French inflation hits 2.5-year low

French inflation slowed to its lowest point since September 2021, intensifying discussions about the timing of the European Central Bank’s (ECB) interest rate cut actions, Bloomberg reported on Thursday.

In February, consumer prices in the second-largest economy of the euro area increased by 3.1 per cent compared to the previous year, a decrease from 3.4 per cent in the prior month, aligning with a Bloomberg economists’ survey.

Additionally, separate data revealed a slowdown in Spain’s inflation to 2.9 per cent from 3.5 per cent, slightly exceeding expectations.

Germany is anticipated to report a reduced inflation figure later on Thursday, followed by Eurostat’s release of data for the entire 20-member euro zone on Friday, where a decrease in inflation to 2.5 per cent from 2.8 per cent is expected by analysts.

As energy prices fall and Europe’s economy remains stagnant, there is a general shift towards the ECB’s 2 per cent target.

However, officials in Frankfurt are warning against prematurely easing monetary policy due to concerns about potential inflation.

The euro remained stable at approximately $1.08, causing little shift in market expectations regarding the extent and speed of ECB rate reductions this year. Market participants anticipate these cuts to commence in June and are factoring in just below a one percentage point decrease by December.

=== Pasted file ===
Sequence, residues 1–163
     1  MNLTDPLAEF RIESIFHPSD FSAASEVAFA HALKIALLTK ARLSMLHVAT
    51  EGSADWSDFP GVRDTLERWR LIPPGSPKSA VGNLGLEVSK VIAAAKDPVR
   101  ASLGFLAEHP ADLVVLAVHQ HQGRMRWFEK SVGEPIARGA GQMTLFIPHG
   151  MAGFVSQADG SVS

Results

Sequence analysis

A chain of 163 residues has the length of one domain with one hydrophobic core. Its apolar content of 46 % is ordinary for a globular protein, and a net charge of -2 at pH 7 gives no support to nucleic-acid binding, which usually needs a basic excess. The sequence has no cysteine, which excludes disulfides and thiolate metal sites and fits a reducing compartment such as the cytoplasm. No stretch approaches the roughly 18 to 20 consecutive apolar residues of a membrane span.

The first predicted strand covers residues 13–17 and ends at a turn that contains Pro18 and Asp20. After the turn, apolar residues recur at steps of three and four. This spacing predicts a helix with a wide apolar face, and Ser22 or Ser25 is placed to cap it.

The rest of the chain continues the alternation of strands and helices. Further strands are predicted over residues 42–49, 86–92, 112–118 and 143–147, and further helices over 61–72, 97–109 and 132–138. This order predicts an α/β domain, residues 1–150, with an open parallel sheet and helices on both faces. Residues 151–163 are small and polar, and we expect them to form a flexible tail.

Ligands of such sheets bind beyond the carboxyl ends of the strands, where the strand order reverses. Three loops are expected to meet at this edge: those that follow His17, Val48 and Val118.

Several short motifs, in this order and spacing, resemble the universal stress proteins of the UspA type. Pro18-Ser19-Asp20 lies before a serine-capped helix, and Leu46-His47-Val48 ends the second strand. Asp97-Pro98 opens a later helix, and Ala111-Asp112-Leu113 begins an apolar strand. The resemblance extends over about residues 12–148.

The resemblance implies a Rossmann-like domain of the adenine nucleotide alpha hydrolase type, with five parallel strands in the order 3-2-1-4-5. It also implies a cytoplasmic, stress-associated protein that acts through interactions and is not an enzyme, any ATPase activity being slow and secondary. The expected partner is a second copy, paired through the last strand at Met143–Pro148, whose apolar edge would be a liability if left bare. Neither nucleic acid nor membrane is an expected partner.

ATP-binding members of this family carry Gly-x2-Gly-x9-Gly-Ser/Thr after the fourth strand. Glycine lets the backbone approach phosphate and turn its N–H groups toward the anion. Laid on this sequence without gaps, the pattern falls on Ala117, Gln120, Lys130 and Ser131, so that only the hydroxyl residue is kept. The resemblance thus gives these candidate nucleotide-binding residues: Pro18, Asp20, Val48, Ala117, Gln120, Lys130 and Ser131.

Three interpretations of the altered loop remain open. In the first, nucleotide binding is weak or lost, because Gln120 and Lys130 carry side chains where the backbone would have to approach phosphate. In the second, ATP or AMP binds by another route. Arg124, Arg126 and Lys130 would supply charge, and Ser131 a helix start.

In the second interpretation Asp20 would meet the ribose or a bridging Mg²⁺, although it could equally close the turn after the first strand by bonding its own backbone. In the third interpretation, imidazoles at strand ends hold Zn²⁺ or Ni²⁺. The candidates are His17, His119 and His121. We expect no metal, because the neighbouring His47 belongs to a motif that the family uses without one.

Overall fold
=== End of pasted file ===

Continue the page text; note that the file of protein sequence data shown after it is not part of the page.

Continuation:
In a distinct report from Insee, it was revealed that consumer spending decreased by 0.3 per cent in January, with expenditures on manufactured goods falling by 1.5 per cent. This surpassed economists’ predictions of a 0.2 per cent decline.

In a bit of positive news, Insee adjusted its fourth-quarter GDP reading for last year upward to 0.1 percent, a slight improvement from the previously reported stagnation.

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